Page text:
A Collaboration with the University of Pittsburgh

Canada court allows disabled veteran class action to continue

A judge for the Supreme Court of British Columbia [official website] on Friday declined to dismiss a class action lawsuit filed by disabled members of the Canadian military seeking to invalidate a veteran compensation law that limits payments to disabled veterans. Last year disabled veterans joined together to challenge the constitutionality of the 2005 New Veterans Charter (NVC) [government backgrounder], which gave disabled soldiers capped one-time payments in lieu of lifetime monthly payments. The veterans assert that the NVC's lump-sum payment system fails to adequately provide for disabled veterans returning from the war in Afghanistan. The Attorney General of Canada [official website] filed a motion to dismiss the lawsuit, arguing that the plaintiffs failed to make out a winnable claim. Justice Gordon Weatherill, however, denied the motion, emphasizing that the case raises important issues [Canadian Press report] regarding the government's promises to compensate injured service members. The court ordered the government to file a response to the plaintiffs' complaint.

Veterans' rights remain a controversial issue around the globe, especially in the US. Earlier this month the US Department of Justice (DOJ) announced [JURIST report] that it will no longer enforce a federal law that denies same-sex spouses veterans benefits in light of the US Supreme Court's decision to invalidate Section 3 of the Defense of Marriage Act. In August a judge for the US District Court for the Central District of California held [JURIST report] that Title 38's exclusion of same-sex spouses from veteran's benefits is unconstitutional. Tracey Cooper-Harris, a 12-year Army veteran, sued the Department of Veterans Affairs (VA) after it denied her fully disability benefits because she is married to a woman. In January the American Civil Liberties Union (ACLU) announced a settlement [JURIST report] with the federal government providing full separation payment to service members discharged under the controversial Don't Ask, Don't Tell (DADT) policy.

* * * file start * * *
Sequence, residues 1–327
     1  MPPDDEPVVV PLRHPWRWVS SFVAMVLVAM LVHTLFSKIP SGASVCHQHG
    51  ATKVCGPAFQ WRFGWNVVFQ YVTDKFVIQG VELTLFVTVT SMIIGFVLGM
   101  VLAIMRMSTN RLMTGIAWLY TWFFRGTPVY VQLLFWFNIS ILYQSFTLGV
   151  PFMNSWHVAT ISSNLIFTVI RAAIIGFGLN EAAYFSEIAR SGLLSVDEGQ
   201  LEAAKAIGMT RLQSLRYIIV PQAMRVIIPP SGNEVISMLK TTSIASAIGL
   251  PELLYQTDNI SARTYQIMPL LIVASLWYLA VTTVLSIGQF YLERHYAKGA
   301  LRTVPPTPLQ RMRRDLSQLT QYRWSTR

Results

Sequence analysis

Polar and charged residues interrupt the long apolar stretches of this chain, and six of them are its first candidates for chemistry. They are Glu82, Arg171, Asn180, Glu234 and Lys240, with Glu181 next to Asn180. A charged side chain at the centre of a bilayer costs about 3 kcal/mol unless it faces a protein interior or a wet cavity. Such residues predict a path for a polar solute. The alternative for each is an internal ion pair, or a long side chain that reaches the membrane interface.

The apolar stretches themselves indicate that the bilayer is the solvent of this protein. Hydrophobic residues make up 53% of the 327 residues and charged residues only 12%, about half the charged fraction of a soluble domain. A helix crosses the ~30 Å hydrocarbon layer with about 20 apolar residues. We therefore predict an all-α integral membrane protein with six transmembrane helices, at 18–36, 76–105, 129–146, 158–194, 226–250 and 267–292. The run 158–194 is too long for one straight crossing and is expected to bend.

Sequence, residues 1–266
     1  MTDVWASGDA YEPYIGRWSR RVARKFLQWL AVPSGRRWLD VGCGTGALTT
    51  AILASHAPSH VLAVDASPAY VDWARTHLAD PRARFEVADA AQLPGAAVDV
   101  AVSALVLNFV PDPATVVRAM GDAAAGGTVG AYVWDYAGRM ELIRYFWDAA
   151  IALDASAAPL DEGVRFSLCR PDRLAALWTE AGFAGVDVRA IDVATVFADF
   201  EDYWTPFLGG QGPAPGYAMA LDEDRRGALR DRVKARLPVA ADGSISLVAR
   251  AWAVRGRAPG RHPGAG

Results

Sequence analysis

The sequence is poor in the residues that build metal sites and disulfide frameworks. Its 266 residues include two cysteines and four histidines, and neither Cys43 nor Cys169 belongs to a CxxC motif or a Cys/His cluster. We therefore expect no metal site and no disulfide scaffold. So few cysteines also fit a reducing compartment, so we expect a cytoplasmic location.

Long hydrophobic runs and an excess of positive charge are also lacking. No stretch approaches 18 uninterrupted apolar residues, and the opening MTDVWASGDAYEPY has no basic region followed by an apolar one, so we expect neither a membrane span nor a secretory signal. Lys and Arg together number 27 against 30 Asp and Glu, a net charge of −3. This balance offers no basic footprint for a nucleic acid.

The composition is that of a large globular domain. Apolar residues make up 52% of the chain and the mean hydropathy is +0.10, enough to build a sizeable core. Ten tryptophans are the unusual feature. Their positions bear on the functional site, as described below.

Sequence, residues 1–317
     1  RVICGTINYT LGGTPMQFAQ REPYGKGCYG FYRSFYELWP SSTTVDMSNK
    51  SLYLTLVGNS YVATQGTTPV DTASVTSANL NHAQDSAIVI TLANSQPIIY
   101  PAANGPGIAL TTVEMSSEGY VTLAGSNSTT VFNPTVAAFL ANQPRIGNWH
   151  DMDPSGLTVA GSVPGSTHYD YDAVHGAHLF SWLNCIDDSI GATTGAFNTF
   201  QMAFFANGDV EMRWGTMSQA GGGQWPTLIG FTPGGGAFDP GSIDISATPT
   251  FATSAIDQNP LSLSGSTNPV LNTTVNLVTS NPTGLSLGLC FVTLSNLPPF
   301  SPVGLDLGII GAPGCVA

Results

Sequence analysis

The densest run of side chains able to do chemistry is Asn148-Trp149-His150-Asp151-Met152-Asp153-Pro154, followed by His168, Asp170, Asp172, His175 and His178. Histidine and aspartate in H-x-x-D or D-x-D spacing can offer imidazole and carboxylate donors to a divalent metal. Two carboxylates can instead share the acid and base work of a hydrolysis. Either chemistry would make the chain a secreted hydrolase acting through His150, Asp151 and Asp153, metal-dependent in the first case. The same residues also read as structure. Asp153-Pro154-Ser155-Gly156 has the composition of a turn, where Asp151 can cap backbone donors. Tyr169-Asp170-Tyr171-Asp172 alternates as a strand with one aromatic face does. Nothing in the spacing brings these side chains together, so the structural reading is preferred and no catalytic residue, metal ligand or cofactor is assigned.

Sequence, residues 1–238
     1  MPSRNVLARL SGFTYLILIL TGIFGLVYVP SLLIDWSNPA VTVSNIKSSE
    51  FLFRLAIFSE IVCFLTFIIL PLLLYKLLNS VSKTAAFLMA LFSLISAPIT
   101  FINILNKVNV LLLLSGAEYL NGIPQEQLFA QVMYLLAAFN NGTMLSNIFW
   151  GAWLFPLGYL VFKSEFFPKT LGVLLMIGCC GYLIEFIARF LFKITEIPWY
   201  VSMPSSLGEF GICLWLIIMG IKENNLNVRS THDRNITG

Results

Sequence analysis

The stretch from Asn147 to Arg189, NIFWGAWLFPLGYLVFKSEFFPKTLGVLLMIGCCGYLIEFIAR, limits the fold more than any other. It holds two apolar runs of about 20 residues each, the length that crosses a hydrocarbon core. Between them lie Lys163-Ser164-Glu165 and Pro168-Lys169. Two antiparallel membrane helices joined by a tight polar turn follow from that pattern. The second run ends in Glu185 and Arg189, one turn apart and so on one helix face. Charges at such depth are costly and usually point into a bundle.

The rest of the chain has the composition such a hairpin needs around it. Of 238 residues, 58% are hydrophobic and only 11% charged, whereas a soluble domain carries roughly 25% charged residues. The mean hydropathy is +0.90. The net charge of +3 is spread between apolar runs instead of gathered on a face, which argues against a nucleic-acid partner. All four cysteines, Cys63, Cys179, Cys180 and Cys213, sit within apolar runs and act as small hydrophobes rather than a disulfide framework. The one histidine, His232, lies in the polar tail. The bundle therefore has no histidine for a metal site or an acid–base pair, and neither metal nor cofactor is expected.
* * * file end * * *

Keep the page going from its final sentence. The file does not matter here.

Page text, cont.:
About Paper Chase

Paper Chase is JURIST's real-time legal news service, powered by a team of 30 law student reporters and editors led by law professor Bernard Hibbitts at the University of Pittsburgh School of Law. As an educational service, Paper Chase is dedicated to presenting important legal news and materials rapidly, objectively and intelligibly in an accessible format.

© Copyright JURIST Legal News and Research Services, Inc., 2013.